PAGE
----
The purpose of this chapter is to assess the importance of individual social capital characteristics in determining wages, both directly through their valuation by employers and indirectly through their impact on individual occupational choice. We find that a person’s level of sociability and care for others works through both channels to explain wage differences between social and nonsocial occupations. Additionally, expected wages in each occupation type are found to be at least as important as a person’s level of social capital in choosing a social occupation. We make use of restricted 2000 Decennial Census and 2000 Social Capital Community Benchmark Survey.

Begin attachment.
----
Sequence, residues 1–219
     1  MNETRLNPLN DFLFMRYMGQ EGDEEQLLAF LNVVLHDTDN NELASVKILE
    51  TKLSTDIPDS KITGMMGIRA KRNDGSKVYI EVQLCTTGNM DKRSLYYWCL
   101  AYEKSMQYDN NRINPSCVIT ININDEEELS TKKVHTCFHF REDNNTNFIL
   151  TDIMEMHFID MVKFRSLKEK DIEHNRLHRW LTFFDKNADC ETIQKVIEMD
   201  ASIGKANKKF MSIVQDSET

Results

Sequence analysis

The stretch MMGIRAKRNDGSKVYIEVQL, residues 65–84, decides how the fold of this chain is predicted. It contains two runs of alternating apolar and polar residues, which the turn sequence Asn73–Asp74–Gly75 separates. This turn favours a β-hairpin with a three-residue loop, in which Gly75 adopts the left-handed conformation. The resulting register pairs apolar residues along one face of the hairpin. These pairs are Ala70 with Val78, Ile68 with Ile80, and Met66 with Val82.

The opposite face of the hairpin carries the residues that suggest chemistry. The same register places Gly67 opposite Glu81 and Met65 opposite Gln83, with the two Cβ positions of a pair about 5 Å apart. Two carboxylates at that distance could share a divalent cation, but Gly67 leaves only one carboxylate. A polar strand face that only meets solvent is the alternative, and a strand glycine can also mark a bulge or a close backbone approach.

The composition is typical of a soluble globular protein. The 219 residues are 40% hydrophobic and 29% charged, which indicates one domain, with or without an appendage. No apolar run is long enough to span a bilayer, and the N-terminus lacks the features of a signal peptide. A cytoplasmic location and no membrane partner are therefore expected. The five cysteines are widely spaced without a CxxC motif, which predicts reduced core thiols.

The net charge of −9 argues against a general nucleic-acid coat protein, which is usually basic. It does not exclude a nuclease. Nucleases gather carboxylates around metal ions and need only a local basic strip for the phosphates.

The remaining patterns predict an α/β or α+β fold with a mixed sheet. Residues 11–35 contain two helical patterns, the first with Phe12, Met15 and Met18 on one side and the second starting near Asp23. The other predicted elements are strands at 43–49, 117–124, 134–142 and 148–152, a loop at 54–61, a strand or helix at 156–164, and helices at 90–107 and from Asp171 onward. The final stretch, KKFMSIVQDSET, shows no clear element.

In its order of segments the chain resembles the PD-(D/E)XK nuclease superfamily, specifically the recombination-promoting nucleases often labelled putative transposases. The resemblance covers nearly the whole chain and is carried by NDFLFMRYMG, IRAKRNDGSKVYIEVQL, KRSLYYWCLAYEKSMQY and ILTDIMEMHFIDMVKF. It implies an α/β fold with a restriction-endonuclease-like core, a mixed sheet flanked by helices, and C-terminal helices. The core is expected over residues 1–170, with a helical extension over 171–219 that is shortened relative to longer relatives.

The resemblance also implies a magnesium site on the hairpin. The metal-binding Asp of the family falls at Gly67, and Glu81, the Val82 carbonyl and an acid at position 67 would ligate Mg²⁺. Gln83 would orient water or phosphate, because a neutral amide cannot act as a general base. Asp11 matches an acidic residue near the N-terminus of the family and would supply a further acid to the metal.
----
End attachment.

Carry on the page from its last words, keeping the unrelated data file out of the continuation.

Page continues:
Hotchkiss, J.L. and Rupasingha, A. (2018), "Wage Determination in Social Occupations: The Role of Individual Social Capital
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